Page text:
Sun-Herald, February 25
The World Chess Federation's 2001 Grand Prix series has begun and already appears likely to be the one of the most bemusing events of the year.
The FIDE Grand Prix is intended to link together the best events of the year, with 16 qualifiers playing off in a final tournament.
Curiously, only 32 players are allowed to compete for the Grand Prix, the top players on the world ranking list and their best two results in 2001 GP events will decide who is allowed into the final.
Unfortunately FIDE has yet to decide exactly which events will form part of the GP but appear content to decide at random which tournaments count for GP points.
FIDE has recently published their list of progressive standings based on one event - the recent Corus tournament in Holland.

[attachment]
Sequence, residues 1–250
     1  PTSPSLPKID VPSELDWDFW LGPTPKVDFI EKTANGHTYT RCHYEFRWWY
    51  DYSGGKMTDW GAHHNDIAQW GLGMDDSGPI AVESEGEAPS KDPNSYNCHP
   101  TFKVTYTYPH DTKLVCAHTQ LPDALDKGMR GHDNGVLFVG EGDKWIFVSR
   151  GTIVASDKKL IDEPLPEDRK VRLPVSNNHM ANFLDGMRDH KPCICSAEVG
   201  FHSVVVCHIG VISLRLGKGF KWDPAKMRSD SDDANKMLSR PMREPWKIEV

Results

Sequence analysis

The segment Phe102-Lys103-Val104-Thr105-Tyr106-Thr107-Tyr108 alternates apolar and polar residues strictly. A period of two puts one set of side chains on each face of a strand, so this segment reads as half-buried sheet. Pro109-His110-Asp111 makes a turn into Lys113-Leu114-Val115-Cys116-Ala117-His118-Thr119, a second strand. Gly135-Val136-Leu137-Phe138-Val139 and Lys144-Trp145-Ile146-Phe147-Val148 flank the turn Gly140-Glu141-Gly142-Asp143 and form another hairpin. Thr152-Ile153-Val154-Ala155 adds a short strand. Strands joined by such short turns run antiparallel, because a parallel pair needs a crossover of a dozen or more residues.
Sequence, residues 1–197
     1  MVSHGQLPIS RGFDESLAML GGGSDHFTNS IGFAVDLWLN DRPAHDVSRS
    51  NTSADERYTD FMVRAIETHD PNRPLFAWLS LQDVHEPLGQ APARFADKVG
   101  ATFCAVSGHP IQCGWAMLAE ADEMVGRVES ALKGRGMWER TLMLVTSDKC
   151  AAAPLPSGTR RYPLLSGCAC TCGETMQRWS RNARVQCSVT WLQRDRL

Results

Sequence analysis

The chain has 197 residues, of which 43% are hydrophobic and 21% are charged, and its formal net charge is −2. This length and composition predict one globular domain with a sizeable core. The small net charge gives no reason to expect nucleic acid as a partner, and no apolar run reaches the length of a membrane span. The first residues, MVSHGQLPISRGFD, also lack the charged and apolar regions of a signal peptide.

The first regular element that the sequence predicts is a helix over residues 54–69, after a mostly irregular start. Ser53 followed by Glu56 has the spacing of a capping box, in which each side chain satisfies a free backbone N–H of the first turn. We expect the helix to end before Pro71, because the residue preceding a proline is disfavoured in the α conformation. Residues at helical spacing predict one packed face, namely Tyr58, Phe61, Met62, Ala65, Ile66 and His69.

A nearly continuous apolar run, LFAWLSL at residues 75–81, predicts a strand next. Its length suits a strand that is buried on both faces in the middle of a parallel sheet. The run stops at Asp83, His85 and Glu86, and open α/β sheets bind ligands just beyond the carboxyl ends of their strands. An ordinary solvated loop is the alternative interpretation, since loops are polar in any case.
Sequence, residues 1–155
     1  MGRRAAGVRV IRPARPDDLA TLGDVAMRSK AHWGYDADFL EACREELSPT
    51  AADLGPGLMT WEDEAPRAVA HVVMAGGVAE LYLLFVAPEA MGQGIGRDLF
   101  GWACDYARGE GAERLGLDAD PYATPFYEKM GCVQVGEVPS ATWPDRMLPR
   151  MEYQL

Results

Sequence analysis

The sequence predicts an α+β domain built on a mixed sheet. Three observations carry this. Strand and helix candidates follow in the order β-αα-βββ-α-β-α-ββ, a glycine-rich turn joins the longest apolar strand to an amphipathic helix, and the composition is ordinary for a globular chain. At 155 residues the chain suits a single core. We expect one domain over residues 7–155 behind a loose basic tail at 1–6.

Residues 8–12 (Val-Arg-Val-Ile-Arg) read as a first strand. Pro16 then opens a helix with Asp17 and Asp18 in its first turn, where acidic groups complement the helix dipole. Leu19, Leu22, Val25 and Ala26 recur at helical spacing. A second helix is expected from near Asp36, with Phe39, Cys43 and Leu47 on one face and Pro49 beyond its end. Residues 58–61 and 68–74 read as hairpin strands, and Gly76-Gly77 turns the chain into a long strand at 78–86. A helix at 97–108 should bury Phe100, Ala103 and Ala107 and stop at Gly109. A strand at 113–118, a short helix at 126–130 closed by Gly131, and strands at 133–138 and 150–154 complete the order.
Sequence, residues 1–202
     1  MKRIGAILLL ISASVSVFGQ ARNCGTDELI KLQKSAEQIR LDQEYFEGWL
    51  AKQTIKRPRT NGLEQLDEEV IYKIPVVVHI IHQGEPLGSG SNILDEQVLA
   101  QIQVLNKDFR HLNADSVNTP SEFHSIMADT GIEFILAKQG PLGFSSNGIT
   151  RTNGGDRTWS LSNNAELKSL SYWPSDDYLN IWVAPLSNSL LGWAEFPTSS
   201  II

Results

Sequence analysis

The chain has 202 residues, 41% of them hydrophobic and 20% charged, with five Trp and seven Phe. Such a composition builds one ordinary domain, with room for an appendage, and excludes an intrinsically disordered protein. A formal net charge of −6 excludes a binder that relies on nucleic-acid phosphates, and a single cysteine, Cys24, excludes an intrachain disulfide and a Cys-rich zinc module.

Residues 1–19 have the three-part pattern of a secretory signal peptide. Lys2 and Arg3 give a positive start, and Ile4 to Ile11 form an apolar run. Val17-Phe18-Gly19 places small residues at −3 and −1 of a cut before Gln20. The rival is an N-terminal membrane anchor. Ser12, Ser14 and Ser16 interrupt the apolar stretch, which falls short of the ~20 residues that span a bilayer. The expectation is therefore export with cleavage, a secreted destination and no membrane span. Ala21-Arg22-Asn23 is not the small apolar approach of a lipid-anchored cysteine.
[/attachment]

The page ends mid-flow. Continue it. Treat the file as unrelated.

The Corus organisers must be rather surprised by this list, since they held a press conference last month specifically to deny FIDE's claims that they had agreed to be part of the 2001 GP.
The second GP event is apparently the ongoing Linares tournament, another invitation-only event featuring Garry Kasparov, the only top player who is sure to boycott the GP final.
The upshot of FIDE's haphazard Grand Prix is that some of the 32 eligible players may not be invited to play any GP tournament while popular players such as Alexey Shirov will be able to take their pick of GP events.
FIDE have proposed creating a new tournaments for the less fashionable members of the 32 but equality of opportunity in this Grand Prix is unlikely.
Wijk aan Zee 2001
13...Ng6 14.Be3 Be7 was safe enough.
14.Bd3 0-0-0 15.b4! Nxd4?! 16.Ncxd4 fxe5 (Diagram)
Black's pawn centre would be good compensation for the sacrificed piece were it not for White's willingness to return the favour
17...exd4 is strongly met by 18.Bf4.
18.Bf4 Ng6 19.Rac1+ Bc6 20.Bg3 Bd6 21.b5 Bxg3 22.fxg3 exf3?
22...Ne5! was the only chance.
23.Qe3 Qc7 24.Rxf3 Ne5 25.bxc6 Nxf3+ 26.Qxf3 Qe5 27.cxb7+ Kxb7 28.Nc6 1-0